Personally I just use my compost straight off for growing plants in. Annual flowers flourish when planted in it in the summer. However I add everything to the compost; grass clippings, soft growth cut from perennials which have finished flowering, weeds which haven't gone to seed, soft hedge clippings, leaves raked up in the fall, moss and other debris from gutters, kitchen waste, saw dust, emptied out potting compost from flower pots etc. I also add soil every so often to provide bacteria and worms to aid breakdown of the material and if I am digging any holes in the garden, changing layout of beds or edging flower beds, I dump the soil onto the heap. I don't have a compost bin as the volume is so great but this doesn't make any difference as I allow almost a year for everything to decay and start a second heap in the meantime.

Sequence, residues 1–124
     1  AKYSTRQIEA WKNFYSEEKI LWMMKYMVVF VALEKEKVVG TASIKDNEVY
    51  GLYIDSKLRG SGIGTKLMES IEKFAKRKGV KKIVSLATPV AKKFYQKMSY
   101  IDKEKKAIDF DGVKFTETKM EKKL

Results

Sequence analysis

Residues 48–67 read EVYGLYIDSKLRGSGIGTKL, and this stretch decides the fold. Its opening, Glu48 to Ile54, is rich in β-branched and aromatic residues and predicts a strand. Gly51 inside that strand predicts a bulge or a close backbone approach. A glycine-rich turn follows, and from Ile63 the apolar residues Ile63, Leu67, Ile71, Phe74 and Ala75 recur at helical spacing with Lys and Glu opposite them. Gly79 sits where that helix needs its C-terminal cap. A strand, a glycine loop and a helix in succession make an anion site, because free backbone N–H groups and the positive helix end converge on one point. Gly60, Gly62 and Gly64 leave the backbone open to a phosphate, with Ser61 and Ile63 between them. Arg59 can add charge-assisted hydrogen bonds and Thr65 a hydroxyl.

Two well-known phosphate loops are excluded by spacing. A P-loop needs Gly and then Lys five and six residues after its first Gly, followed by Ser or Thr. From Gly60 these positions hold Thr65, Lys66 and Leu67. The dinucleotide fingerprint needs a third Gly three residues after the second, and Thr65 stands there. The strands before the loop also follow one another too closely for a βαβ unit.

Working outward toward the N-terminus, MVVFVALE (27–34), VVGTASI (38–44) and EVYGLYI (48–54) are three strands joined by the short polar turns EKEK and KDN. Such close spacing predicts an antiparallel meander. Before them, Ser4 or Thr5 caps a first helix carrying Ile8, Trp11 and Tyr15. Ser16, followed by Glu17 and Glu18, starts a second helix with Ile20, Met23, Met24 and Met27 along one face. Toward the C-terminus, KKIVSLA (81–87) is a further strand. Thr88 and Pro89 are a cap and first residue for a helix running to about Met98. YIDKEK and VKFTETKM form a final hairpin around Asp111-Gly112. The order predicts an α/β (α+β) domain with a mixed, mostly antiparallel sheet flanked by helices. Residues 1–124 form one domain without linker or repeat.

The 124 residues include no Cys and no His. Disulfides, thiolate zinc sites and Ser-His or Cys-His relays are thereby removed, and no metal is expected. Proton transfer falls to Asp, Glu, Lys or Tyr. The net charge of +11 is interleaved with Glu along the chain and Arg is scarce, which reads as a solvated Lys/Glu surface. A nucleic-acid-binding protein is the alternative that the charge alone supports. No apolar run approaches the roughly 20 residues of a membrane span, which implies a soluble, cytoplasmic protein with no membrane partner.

Compost aerates the soil, which is essential as it allows roots to spread easily and also provides space for essential oxygen to reach the roots. It retains moisture, and adds bacteria and nutrients. Also it acts as food for worms which in turn aerate the soil. You could mix compost or peat half and half with soil to provide any essential nutrients missing from the compost.